This is a Latin word. When an appellate court grants certiorari, the court agrees to review the decision of a lower court. Technically, the appellate court is ordering the lower court to allow it to review its decision. Hence, we say the appellate court issues a writ of certiorari, but this is rather old language.
The key to keep in mind is that parties cannot always appeal “as of right”. That is, some appellate courts (usually the highest court in a jurisdiction) can choose which appeals it will accept. The losing party must persuade the appellate court that the legal issue is sufficiently important that the appellate court should agree to hear the case.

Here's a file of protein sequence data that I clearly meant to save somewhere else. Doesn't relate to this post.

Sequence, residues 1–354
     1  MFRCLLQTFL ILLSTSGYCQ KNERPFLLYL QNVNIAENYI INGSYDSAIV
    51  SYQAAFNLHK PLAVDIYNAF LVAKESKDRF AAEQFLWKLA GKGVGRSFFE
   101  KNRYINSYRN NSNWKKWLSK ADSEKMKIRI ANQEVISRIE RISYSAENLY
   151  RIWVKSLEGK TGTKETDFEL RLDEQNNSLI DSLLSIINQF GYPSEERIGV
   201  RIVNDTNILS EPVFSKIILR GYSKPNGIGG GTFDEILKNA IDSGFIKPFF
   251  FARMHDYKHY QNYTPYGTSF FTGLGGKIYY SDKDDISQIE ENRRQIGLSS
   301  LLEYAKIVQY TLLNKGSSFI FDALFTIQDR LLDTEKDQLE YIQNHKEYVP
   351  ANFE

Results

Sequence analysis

For example, the Supreme Court of the United States does not agree to hear every case on appeal. In fact, it rejects most requests. A party that is unhappy with the decision of an inferior court must petition the Supreme Court to agree to review the lower court’s decision. If the Supreme Court agrees to hear the case, we say it grants certiorari. Frequently this is abbreviated in conversation to “grant cert”.
The case was heard at the Supreme Court on writ of certiorari to the Eighth Circuit Court of Appeals.
The Supreme Court granted cert so now we must brief the case for the Court.« Back to Glossary Index